It was the major event of the ballet year: a festival marking 25 years since the death of Kenneth MacMillan, bringing all five of the U.K.’s major classical companies (the Royal, Birmingham Royal, English National, Northern and Scottish Ballets) onto the Royal Opera House stage, plus the small and indomitable contemporary Yorke Dance Project into the studio theatre. A formative choreographer of 20th-century ballet, MacMillan is commonly associated with the character-driven dramas of three-act works such as Romeo and Juliet, Mayerling and Manon, so it was illuminating to be able to focus on only one-act works, in a gamut of styles.
The Judas Tree, MacMillan’s last work, deals with a theme that he returned to several times over the course of his career: the rape of a woman. It was unavoidably viewed today against a wider backdrop where revelations of sexual harassment by Trump, Weinstein and other powerful names across all sectors, together with an outpouring of disclosures by women of all backgrounds, revealed such harassment as not only persistent and widespread, but also systemic. The Judas Tree revolves around a gang rape – a blatant and brutal enactment of the sexual subjugation of a woman by a male-dominated society. That makes it – potentially – an explosively powerful theme to explore artistically. But that demands an exploration of the rape and its conditions, and an interrogation of the exercise of power. Alas, even on third viewing, all I could see in The Judas Tree was a violation enacted — a spectacularly unedifying approach.
The story (apparently inspired by the Gnostic gospels) goes like this. First, a woman is carried onto a construction site in a white shroud, already more a symbolic object than a character. Unveiled, in a lurid leotard, she proceeds to both tease and copulate with the site foreman and his two sidekicks, while a gang of construction workers circulate wolfishly. One of the sidekicks appears to actually “like” her, which the foreman resents, so he rapes her, then leaves her to the workers to rape as a group, after which he kills her, which upsets his sidekick, which incites the gang to turn on the sidekick and kill him. Finally the foreman hangs himself, and the ghost of the woman returns in the white shroud.
The choreography itself is powerfully wrought, and the company perform it with absolute conviction (anything less, and it would collapse). Dramatically, though, it is wilfully blind to the questions it raises. The woman is never alone onstage or the subject of any scene; rather, she is a transactional object, passed between the men, with no status of her own. We can’t help but feel her pain and abjection, but the narrative drive and destination is all about the foreman and his mate.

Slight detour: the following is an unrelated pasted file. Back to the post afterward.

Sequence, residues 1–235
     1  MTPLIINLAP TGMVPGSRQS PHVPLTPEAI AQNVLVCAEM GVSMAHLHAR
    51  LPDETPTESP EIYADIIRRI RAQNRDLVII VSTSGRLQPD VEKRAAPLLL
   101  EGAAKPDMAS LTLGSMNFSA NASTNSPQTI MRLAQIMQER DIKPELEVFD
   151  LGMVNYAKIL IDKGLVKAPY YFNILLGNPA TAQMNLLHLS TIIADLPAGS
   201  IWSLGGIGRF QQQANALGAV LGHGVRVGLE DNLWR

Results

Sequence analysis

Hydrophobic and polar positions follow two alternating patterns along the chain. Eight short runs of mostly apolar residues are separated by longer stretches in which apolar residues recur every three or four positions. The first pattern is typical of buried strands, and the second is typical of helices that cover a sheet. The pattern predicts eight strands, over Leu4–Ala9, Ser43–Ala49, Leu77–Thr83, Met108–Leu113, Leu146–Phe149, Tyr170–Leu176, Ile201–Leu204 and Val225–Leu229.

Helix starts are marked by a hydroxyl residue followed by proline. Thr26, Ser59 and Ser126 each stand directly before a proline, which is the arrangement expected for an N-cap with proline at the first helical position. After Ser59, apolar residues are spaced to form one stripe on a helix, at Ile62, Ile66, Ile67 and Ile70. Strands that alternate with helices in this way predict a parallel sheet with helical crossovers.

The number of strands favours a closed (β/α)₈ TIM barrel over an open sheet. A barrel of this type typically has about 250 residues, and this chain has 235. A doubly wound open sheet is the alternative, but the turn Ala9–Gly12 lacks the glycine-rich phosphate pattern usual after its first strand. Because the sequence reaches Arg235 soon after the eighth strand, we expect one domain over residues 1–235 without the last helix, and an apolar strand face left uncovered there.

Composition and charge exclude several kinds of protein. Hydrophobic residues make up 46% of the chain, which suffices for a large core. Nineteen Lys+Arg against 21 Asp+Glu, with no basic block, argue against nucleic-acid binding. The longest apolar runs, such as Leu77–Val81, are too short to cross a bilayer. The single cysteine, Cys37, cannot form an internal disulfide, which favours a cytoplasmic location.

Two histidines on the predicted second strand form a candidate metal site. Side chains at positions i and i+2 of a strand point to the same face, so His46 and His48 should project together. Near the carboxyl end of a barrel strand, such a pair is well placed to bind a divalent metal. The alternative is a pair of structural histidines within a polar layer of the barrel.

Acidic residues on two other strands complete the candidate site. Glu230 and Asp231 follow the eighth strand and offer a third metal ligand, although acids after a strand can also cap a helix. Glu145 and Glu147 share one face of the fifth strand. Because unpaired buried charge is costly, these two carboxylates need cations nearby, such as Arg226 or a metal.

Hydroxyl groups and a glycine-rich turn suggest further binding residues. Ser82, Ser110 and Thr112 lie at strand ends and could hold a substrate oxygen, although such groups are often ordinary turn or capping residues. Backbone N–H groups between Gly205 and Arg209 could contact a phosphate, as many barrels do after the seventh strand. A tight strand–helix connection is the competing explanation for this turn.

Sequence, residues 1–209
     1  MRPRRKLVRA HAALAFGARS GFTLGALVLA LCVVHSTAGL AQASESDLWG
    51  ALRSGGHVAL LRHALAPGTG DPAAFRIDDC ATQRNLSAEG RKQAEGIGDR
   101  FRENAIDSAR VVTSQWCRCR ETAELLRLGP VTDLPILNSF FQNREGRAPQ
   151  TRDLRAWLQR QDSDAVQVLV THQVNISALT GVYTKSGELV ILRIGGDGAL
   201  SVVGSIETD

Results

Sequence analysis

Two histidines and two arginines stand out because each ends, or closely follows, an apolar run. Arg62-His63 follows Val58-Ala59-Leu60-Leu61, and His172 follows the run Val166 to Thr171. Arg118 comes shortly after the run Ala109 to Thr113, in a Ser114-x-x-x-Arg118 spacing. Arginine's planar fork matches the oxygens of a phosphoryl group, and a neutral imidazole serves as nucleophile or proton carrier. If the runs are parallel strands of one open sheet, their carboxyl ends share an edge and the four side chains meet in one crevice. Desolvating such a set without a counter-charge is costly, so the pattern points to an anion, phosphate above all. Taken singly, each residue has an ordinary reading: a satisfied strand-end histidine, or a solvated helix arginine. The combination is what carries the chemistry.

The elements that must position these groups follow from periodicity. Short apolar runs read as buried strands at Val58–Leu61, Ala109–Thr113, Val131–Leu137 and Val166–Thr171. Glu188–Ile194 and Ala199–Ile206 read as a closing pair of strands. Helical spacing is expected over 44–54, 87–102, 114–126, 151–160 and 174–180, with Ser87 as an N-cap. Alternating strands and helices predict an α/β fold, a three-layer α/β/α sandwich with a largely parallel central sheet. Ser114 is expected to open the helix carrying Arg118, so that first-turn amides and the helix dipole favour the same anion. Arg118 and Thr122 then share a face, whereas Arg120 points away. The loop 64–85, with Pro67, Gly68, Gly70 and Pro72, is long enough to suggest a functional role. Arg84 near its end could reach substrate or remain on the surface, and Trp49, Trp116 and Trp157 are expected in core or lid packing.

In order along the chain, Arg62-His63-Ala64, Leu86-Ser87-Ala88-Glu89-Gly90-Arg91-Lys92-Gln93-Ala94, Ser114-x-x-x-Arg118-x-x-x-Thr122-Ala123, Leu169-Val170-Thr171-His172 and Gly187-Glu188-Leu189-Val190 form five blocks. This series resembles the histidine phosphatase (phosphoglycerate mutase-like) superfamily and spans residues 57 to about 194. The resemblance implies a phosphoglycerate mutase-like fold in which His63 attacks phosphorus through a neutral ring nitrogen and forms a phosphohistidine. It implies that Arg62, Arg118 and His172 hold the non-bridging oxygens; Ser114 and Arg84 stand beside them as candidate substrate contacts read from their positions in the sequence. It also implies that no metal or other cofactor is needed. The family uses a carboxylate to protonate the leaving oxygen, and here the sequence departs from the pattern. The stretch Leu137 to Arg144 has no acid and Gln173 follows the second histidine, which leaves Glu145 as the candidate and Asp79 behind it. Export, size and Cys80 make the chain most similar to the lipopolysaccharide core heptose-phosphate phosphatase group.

The Judas Tree is a mass of disavowals, evasions and displacements, wrapped in a legitimising tissue of religious allegory
On this note, it’s also worth pointing out another, largely undebated subtext. Just before hanging himself, the foreman plants a kiss on his friend’s cheek. Rather than the “Judas kiss” of betrayal, it smacks of repressed desire. Indeed, take away the woman, and the entire ballet would come across as a clichéd gay fantasy: bare-chested construction workers in ripped overalls, all worked up and with no outlet until they end up in a group sex scene. Yes, The Judas Tree really is about the men, but not in the way that it thinks. It is, rather, a mass of disavowals, evasions and displacements, wrapped in a legitimising if incomprehensible tissue of religious allegory. Dear Lord, please spare me.
As ever (and as here), The Judas Tree provoked the most heat around the MacMillan season — a shame, in some ways, since there was plenty of different work to savour and think about.
The Fairy’s Kiss (Scottish Ballet) is far more traditional balletic material – a folktale featuring a young man confusedly pursuing three icons of femininity: comely maiden, brazen hussy and elusive fairy. It’s a nicely choreographed piece, but you sense MacMillan straining against its winsomeness.
For my tastes, he could have strained a little harder in Gloria (Northern Ballet), an anthem for lost youth that brims with familiar First World War tropes: poetically doomed men, poetically sorrowful women. Far more interesting was Yorke Dance Project’s Sea of Troubles, a chamber ballet that distills (albeit murkily) the essentials of Hamlet into a quartet of interchanging characters, in a style more redolent of mid-century modern dance (particularly Graham technique) than ballet.
Song of the Earth is charged with a mysterious symbolism that seems to run in the arteries of a piece whose surface is all quiet restraint
But the best were two abstract works. Birmingham Royal Ballet’s Concerto (to Shostakovich) shows MacMillan as a master of group composition and musical form and, in its central duet, enraptured by the supple beauties of the classical adagio. And Song of the Earth (English National Ballet, to Mahler) is an outright masterpiece – again, tautly tied to the music, but now charged with a mysterious symbolism that seems to run in the arteries of a piece whose surface is all quiet restraint. That is not a quality commonly associated with MacMillan, but as the festival showed, with a choreographer as varied as this, what you find in his work may say as much about you as about him.